NGOs in China fear clampdown as Xi Jinping plans new security controls

Proposed new law could lead to harassment and arrest of local workers, restrictions or expulsion for foreigners, and funding difficulties

By Simon Denyer for the Washington Post

The Guardian

China’s state security apparatus has turned its sights on foreign NGOs and their domestic partners, which are bracing for a crackdown.

A new law emanating from President Xi Jinping’s national security commission that would regulate overseas NGOs has raised alarm among people working in China to fight discrimination, improve health and education, or stick up for workers’ rights.

Viewed under the draft law less as partners of the government and more as a security risk, local advocates fear harassment and arrest; foreigners fear anything from restrictions on their activities to expulsion. A copy of the draft, which has not been released for public comment, was obtained by the Washington Post.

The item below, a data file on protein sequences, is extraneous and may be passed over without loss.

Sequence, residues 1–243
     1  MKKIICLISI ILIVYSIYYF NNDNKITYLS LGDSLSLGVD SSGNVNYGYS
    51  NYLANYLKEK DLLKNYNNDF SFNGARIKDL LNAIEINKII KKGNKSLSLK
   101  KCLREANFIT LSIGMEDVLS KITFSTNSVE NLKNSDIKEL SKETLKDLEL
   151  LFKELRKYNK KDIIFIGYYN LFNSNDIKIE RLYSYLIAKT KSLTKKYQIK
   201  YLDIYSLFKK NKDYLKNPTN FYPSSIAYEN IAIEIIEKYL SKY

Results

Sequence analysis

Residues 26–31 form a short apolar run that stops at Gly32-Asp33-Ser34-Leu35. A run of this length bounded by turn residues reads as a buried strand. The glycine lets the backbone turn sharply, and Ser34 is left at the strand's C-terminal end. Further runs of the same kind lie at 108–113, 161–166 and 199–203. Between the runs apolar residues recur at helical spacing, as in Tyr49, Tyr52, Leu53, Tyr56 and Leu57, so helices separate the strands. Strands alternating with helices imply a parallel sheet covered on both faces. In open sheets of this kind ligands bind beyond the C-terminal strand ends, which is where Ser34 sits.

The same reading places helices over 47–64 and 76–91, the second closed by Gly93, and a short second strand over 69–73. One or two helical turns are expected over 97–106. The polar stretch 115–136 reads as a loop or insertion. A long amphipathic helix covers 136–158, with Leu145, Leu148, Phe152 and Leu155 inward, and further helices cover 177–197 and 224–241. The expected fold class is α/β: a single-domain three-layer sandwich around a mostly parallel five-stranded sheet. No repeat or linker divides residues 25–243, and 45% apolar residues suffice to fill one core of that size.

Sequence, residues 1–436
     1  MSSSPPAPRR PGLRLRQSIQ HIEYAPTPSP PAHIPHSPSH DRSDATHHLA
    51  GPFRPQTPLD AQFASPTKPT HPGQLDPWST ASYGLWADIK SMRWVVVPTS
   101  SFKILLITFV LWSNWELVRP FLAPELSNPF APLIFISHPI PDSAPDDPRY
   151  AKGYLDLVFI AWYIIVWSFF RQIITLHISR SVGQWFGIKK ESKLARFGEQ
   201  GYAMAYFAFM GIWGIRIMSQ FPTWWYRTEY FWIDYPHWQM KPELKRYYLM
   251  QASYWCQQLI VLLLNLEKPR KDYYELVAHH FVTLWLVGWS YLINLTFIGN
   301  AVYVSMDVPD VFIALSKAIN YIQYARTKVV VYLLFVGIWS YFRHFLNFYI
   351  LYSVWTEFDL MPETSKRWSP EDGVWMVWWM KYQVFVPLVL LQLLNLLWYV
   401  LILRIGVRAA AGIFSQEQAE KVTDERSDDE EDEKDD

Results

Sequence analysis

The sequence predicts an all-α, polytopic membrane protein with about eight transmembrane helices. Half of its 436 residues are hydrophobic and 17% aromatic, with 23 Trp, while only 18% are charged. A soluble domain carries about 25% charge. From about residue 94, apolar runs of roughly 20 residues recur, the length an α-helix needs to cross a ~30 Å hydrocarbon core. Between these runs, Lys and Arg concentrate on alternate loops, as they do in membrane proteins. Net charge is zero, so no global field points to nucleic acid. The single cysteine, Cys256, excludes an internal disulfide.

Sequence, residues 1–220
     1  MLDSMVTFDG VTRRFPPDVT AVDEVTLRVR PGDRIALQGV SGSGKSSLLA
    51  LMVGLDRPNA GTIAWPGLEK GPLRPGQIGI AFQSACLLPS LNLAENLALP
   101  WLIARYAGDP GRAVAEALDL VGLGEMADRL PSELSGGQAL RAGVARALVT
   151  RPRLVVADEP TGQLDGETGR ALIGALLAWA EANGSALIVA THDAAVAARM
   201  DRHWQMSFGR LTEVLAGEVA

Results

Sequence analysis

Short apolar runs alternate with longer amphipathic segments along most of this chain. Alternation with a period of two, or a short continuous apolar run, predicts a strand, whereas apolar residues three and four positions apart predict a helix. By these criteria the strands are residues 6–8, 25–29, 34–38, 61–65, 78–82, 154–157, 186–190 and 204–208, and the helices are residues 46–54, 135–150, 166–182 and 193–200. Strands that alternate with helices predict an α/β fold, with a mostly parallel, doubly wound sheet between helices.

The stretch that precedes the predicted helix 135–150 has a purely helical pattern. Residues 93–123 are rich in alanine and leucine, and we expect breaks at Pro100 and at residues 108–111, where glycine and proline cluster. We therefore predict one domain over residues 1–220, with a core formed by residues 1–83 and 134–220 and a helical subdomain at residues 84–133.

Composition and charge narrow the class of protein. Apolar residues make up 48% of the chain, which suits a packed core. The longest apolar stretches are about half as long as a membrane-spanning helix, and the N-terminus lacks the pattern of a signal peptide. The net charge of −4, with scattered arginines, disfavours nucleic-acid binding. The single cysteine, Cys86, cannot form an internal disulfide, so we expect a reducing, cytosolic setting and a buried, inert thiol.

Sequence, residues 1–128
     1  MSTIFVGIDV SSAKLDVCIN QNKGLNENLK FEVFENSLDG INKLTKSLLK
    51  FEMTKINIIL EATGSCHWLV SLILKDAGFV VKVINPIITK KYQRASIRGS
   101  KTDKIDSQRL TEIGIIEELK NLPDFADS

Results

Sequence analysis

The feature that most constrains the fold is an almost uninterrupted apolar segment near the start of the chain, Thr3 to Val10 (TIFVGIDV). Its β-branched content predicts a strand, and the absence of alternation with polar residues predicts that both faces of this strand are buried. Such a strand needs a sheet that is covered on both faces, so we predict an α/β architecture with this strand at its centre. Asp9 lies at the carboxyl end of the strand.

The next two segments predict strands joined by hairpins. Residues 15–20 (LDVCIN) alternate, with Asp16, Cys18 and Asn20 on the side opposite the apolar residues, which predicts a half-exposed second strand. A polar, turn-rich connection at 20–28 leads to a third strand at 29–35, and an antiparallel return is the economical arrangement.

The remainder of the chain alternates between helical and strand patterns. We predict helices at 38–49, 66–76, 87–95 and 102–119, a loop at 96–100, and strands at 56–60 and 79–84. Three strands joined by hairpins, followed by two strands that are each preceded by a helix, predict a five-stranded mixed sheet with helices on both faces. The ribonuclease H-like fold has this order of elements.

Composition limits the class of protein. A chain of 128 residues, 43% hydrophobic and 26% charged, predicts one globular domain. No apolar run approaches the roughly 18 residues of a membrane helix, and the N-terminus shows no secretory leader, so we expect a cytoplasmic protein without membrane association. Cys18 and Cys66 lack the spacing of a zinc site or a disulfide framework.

China’s crackdown on civil society is driven partly by Xi’s obsession with control but also by fear that foreigners are secretly plotting to overthrow China’s one-party state. It is also partly inspired by similar moves in Russia under President Vladimir Putin.

“Chinese leaders argue that the ultimate goal of western governments is to use their NGOs to orchestrate the collapse of the Chinese Communist party,” said Julia Famularo, a research affiliate at the Project 2049 Institute, an Arlington, Virginia-based thinktank. “Leaders in Beijing and Moscow will do whatever it takes to prevent potential colour revolutions from undermining social stability and threatening regime longevity.”

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1 comment

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